Saturday, December 13, 2014

O Christmas Tree, Have You Lost Weight?

Last year, I was getting just a little nervous about my 10 year old Christmas tree with pre-strung lights. Once it's up, typically 3-4 weeks prior to Christmas Day, I like to turn it on when I'm anywhere near it - which could be while watching TV, in the kitchen cooking, or in the sunroom reading - all vantage points for seeing the tree.
I've kept it stored in the basement when not in use, and carefully cover each of the three sections, and then cover the entire thing with lightweight plastic.
Not knowing how many hours were left in its useful life, I purchased another tree late last November (2013). It wasn't easy finding the same, slim, pre-lit tree with the branches which I like, but I managed. However, I didn't assemble it in 2013 because 1) I remembered it taking a long time to first shape a new tree's branches and I didn't relish the idea of adding 4 more hours to the already 40 it takes me to decorate (the whole house), 2) the new tree arrived later than when I was ready to decorate the old tree, and 3) by using my existing tree lights very sparingly last year, it made it through yet another year.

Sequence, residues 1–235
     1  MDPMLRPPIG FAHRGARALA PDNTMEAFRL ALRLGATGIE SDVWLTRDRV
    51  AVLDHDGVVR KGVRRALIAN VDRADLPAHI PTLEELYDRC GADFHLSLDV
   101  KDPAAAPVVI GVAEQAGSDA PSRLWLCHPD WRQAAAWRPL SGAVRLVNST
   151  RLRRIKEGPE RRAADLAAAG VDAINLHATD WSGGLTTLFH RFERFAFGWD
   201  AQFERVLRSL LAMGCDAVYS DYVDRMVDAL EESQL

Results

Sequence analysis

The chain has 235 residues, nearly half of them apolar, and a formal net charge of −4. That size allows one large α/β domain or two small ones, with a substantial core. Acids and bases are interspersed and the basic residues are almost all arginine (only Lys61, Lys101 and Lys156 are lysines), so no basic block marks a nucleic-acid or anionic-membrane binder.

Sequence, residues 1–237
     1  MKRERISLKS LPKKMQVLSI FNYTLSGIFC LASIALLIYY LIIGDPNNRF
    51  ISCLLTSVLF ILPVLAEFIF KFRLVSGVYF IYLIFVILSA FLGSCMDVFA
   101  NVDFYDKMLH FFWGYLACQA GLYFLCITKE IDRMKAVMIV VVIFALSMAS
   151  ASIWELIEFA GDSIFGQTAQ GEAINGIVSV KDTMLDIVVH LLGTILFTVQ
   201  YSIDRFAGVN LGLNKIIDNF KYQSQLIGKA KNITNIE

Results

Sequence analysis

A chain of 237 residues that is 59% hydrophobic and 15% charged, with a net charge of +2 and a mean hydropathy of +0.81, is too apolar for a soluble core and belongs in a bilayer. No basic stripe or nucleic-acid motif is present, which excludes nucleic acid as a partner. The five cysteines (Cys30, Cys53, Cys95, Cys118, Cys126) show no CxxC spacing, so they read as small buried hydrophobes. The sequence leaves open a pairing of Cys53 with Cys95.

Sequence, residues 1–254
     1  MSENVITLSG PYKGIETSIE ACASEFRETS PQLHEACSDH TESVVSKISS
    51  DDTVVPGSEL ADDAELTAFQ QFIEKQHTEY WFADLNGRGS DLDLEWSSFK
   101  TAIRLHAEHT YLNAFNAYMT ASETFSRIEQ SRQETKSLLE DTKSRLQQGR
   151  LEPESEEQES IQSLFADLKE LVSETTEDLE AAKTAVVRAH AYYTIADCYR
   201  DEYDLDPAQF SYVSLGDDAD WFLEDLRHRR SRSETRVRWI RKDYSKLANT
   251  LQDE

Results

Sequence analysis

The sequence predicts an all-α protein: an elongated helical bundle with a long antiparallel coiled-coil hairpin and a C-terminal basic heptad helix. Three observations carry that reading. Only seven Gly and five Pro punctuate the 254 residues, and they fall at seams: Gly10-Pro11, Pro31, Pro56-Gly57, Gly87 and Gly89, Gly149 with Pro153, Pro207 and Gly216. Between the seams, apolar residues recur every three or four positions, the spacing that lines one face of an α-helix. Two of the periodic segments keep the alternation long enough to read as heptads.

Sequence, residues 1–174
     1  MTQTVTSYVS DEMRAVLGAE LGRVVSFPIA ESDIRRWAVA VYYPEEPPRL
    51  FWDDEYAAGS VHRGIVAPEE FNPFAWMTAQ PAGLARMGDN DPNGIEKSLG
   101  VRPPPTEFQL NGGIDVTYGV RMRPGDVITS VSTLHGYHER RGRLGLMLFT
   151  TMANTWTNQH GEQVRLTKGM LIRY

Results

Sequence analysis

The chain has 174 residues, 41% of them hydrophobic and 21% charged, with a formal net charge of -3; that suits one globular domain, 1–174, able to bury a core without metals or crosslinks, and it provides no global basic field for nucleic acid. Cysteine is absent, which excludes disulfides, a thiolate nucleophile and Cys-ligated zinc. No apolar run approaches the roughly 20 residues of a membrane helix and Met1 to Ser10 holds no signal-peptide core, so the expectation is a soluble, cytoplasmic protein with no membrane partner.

So, this year I didn't take any chances, and pulled the new tree out and shaped it about two weeks before Thanksgiving. The shaping process took about 3 1/2 hours.
I finished decorating the tree a couple days before Thanksgiving, but knew the tree seemed slimmer than the previous one. O Christmas Tree, have you lost weight? You look thinner than you were last year!
By golly, I think she's slimmed down. Here's a photo of her before and after (2013. 2014):
Perhaps only a few inches, but I can tell the difference, can you? I think I like the new look better.

What, then, to do with the other tree?  Well, this year, the top section went on the front porch, in my cast iron urn.
As for the bottom two pieces?  Well, if a bird in the hand is worth two in the bush, then maybe having two bushes will yield something even more spectacular?
Or maybe I'll just donate the spare tree to a charity when I begin next year's purge. I think that seems like a more logical solution.

Do you like slim or chubby trees? How do you store yours? What's the life expectancy of an artificial tree? I'm concerned that, just like so many other things (appliances, for example), they just aren't made like they used to be. If that's the case, and my new tree doesn't last as expected (is 10 years too much to expect??), then maybe I should keep the old, spare tree.

If you missed my other Christmas posts for this season, you can catch up here:
Traditional Holiday Home, Garden - 2014
Christmas in the Sunroom 2014
Winter Frost Tablescape
Winter Woodland Tablescape
Happy Holidays! 
Rita C. at Panoply
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